Americans are spending less time with their eyes glued to a television screen, but that doesn’t actually mean they’re watching less … television. It’s a classic example of semantics trumping reality: While TV viewership went down 3 percent last year, a new study suggests that people aren’t trading in this time to be one with nature or engage in some other physically stimulating activity. Instead, they’re watching Netflix.
As per a report from Michael Nathanson of MoffettNathanson, Netflix was responsible for around 50 percent of the overall drop-off in TV viewing time in the U.S. In fact, American Netflix subscribers are estimated to have streamed a stunning 29 billion hours of video in 2015, whereas the global Netflix community managed to binge on a total of 42.5 billion hours.
And this past year’s data, Nathanson says, isn’t an outlier. Rather, it represents a trend showing Netflix’s (and other streaming services’) increasing popularity. By 2020, the analyst says, streaming hours will account for 14 percent of all TV viewing. And while this is a burgeoning figure, he notes, it doesn’t mean that Netflix will render the television set and major broadcast channels entirely obsolete.
“Currently, Netflix is a source of industry pain, but not necessarily a cause of industry death,” he wrote in his study.
But television executives are certainly none too happy about this particular pain point. As Variety points out, Time Warner CEO Jeff Bewkes compared Netflix to the Albanian army last year, and further noted that Time Warner was considering “delaying the SVOD [streaming video on demand] licensing window for some of its content as it evaluates the best monetization options in a fast-changing TV landscape.”
This is interesting given that Time Warner is not, in fact, one of the companies suffering as a result of Netflix’s growth. In fact, the total viewership of Time Warner, Scripps Networks Interactive, AMC Networks, and Discovery Communications actually went up in 2015. That was not the case for all networks — A&E saw a 15-percent drop in viewing hours, Viacom declined 13 percent, and both NBCUniversal and Disney were down by 5 percent.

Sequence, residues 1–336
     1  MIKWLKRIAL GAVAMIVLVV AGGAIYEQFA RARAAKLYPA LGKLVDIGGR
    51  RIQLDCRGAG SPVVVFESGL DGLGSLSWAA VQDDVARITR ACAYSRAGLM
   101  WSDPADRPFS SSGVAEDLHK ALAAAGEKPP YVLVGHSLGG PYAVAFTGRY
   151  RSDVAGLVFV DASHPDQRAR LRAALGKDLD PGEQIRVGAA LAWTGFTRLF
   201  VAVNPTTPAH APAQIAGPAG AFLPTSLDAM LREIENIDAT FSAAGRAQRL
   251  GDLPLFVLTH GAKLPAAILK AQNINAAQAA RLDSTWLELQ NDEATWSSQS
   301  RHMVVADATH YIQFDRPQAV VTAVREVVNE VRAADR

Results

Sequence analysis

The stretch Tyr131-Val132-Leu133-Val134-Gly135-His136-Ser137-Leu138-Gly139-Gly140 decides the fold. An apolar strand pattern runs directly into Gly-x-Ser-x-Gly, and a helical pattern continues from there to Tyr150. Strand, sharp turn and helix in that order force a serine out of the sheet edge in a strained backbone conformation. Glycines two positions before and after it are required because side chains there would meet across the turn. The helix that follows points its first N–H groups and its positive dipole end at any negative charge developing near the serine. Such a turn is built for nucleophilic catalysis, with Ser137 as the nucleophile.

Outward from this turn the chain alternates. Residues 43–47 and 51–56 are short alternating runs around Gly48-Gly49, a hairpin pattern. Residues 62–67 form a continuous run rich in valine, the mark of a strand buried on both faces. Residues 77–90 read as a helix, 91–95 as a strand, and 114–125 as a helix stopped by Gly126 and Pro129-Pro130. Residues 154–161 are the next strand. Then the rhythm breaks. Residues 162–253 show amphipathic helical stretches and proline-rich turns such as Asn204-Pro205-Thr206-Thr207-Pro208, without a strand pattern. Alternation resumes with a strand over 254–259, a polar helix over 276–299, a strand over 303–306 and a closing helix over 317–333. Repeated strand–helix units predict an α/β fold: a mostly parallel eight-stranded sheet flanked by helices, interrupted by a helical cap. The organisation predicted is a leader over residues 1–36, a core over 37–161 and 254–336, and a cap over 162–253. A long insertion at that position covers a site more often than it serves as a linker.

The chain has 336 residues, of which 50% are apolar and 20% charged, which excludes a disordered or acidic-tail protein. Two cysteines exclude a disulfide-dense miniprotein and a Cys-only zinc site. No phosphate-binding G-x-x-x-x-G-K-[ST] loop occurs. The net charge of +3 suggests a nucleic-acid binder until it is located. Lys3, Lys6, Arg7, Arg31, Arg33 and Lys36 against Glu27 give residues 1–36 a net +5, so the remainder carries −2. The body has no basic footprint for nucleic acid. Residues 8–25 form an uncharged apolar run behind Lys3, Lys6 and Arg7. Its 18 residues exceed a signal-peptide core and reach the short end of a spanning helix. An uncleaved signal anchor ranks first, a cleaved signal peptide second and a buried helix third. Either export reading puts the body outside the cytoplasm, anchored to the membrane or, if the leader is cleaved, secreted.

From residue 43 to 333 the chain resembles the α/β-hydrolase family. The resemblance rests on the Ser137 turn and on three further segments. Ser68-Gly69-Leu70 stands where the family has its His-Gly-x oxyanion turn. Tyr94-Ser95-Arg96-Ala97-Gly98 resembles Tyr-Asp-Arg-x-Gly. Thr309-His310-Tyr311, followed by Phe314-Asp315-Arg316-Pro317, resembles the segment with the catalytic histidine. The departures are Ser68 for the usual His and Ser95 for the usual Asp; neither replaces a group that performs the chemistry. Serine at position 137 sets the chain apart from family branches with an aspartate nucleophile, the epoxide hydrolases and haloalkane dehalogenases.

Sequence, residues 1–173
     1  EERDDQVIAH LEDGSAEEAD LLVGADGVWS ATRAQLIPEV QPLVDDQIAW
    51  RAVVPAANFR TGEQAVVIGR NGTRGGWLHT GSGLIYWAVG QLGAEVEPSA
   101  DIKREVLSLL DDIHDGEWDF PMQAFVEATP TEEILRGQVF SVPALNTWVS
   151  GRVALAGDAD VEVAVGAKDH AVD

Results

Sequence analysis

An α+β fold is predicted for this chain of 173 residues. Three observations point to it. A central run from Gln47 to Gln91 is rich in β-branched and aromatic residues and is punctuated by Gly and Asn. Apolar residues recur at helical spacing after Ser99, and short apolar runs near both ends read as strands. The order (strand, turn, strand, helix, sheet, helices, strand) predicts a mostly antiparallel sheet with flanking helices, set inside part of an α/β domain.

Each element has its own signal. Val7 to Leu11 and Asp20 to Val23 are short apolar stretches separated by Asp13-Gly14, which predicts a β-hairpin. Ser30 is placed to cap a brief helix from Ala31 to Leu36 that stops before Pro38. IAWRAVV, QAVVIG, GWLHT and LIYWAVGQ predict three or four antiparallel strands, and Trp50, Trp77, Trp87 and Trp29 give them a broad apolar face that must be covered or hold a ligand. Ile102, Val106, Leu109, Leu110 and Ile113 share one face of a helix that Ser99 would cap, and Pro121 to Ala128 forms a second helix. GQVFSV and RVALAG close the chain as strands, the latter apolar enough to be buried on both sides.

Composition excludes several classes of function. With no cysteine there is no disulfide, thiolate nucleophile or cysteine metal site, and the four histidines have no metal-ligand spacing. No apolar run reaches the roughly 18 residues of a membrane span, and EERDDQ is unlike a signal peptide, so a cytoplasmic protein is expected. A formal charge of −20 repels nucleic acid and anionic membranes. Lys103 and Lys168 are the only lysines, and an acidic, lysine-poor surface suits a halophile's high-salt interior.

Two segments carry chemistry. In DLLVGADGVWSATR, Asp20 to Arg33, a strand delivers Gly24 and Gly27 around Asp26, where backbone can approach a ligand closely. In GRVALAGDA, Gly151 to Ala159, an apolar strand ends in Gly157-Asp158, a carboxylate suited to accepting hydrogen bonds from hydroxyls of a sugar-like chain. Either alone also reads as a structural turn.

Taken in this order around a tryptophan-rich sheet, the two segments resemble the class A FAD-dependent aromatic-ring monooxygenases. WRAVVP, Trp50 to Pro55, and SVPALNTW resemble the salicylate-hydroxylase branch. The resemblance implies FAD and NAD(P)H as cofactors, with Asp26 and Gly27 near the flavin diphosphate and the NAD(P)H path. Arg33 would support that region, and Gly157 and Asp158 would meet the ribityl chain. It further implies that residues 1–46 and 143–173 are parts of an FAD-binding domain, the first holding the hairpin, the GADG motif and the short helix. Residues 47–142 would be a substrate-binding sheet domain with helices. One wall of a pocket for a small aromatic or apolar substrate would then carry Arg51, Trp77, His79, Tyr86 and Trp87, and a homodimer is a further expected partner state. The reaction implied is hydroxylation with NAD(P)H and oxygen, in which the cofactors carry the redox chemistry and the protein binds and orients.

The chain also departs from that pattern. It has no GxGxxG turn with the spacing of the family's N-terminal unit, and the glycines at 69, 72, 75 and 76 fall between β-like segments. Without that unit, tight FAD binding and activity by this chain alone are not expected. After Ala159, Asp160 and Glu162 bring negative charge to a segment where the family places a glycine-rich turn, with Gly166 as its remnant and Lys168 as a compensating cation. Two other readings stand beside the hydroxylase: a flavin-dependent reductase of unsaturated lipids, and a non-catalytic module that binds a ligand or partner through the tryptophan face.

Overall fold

That said, for households that are Netflix subscribers, TV viewership did indeed take a hit. Netflix subscribers watched CBS 42 percent less than non-subscribers, Fox took a similar 35-percent hit, ABC a 32-percent hit, and NBC a 27-percent hit.
Variety does point out one caveat: the analysis of television viewership does not include online and mobile viewing of TV networks, but whereas these numbers are adjusted for co-viewing, Netflix’s data is taken per household. And as Variety reports, “according to Nathanson, that means Netflix per-person viewing is underrepresented relative to Nielsen Live+7; thus, the analyst assumes the two factors largely cancel each other out.”
So sure, parents. Your kids (and you) may be watching less TV. But you might have gone out of the frying pan and into the fire with this one.
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